Philippians 2:6 (Christ Jesus) though he existed in the form of God, did not regard equality with God as something to be grasped, ​​​​​​​but emptied himself by taking on the form of a slave, by looking like other men, and by sharing in human nature.

1 Peter 2:24 By his wounds you were healed.

1 Peter 2:9 …so that you may proclaim the virtues of the one who called you out of darkness into his marvellous light.

1 John 2:1 Jesus Christ the righteous One,4and he himself is the atoning sacrifice1 for our sins, and not only for our sins but also for the whole world.2

1 John 4:15 If anyone confesses that Jesus is the Son of God, God resides in him and he in God.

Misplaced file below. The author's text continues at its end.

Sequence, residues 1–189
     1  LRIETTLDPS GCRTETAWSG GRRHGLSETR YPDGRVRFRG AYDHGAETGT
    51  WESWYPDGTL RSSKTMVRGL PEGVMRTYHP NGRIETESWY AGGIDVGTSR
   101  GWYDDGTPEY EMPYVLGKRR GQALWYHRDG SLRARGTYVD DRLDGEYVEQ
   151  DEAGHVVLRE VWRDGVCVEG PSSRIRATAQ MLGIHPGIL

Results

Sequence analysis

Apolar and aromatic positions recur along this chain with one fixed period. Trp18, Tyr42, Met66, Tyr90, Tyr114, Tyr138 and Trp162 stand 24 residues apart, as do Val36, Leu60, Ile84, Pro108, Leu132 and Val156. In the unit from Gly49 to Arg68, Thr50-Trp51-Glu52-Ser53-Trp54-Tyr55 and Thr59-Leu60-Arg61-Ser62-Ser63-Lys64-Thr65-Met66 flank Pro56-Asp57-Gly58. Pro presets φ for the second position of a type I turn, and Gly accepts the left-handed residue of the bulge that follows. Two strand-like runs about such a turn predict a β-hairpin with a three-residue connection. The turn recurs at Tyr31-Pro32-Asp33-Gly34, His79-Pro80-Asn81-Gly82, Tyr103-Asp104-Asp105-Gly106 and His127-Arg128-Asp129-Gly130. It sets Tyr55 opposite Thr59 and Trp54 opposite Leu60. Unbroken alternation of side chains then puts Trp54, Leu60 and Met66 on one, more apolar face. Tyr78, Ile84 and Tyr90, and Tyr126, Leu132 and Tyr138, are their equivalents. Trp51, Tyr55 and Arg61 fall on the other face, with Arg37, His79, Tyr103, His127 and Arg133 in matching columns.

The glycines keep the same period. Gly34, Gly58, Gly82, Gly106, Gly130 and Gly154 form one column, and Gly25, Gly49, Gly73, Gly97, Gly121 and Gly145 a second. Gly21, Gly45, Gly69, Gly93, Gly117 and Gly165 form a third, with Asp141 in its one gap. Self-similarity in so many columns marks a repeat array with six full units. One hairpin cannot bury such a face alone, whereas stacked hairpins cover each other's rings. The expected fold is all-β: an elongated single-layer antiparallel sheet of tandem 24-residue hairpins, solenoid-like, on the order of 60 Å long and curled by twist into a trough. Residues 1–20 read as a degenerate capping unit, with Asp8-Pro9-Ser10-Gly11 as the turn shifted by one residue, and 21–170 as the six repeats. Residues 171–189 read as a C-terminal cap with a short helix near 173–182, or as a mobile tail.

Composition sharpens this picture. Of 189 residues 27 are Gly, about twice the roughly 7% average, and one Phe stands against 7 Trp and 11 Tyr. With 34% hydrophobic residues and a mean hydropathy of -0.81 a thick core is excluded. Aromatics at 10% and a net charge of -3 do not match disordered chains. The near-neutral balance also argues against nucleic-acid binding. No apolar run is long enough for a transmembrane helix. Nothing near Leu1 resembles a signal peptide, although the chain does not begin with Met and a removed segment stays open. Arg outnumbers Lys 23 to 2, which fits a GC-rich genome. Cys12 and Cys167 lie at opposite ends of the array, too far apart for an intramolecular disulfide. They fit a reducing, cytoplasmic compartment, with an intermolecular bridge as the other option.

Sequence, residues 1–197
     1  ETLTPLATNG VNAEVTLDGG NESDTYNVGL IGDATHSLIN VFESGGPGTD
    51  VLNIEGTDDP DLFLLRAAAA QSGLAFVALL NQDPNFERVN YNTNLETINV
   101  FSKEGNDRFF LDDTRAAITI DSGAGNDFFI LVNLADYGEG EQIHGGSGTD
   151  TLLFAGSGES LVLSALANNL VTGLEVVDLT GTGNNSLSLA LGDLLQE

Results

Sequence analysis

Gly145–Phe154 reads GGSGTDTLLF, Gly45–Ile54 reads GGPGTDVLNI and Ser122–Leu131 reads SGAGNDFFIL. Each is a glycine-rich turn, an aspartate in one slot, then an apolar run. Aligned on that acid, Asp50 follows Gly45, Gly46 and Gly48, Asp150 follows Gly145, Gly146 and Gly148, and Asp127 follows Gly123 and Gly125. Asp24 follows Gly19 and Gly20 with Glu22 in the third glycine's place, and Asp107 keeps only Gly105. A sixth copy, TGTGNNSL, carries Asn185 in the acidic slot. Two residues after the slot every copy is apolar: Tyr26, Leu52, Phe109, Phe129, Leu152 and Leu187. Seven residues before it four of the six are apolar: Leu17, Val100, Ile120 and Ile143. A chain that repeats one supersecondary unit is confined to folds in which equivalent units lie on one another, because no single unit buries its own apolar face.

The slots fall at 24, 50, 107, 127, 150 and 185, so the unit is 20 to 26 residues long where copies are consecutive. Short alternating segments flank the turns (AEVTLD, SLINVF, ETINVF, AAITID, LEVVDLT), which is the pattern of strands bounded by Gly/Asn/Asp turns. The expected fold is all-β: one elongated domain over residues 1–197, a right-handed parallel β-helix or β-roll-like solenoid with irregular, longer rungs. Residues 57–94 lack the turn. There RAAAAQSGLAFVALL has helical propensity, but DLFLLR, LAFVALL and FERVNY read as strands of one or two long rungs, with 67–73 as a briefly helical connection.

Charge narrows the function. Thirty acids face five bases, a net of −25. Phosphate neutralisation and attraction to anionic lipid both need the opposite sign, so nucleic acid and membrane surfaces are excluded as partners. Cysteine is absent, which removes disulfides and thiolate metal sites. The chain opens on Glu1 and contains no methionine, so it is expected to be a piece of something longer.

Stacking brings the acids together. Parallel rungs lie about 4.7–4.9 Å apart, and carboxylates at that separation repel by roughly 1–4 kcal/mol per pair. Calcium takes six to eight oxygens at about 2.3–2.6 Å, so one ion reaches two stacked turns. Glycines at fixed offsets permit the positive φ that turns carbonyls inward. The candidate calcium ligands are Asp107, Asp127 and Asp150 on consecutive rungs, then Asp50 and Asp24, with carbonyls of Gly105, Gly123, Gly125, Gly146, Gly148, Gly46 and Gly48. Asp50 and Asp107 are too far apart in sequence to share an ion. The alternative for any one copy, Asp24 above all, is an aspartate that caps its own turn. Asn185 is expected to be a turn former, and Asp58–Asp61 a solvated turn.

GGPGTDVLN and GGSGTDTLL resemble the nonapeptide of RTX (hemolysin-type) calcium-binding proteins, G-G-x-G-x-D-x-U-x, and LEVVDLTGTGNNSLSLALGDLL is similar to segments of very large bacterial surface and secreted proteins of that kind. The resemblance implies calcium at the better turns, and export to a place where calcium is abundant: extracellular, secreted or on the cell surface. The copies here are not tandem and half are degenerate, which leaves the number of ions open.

Hebrews 10:10 By his will we have been made holy through the offering of the body of Jesus Christ once for all.

[There are so many things in life that challenge us: are we living as God intended us to live? Do we see the sense in living according to God’s rules? In life, as on railways, we need to observe and obey the signals which are there for our safety. There are frequently railway accidents, whether in UK, USA or RSA and most are attributable to “human error.” Railways Africa says there are 2.5 mishaps a day on the railways of  South Africa! What about our spiritual life? And yet God still cares for us and calls out to us.]

IN THE BEGINNING

1    In the beginning transport was without form or organization, and the spirit of chaos wallowed in the muddy roads and ditches.

2    So the Lord said: “Let there be rails, aligned according to my Will & to each other; and let there be flanged wheels.” And behold, two parallel rails 4′ 8½” apart stretched out across the land, able to bear and guide the flanged wheels. And the Lord saw that it was in gauge, aligned to His will, and that it was indeed  good.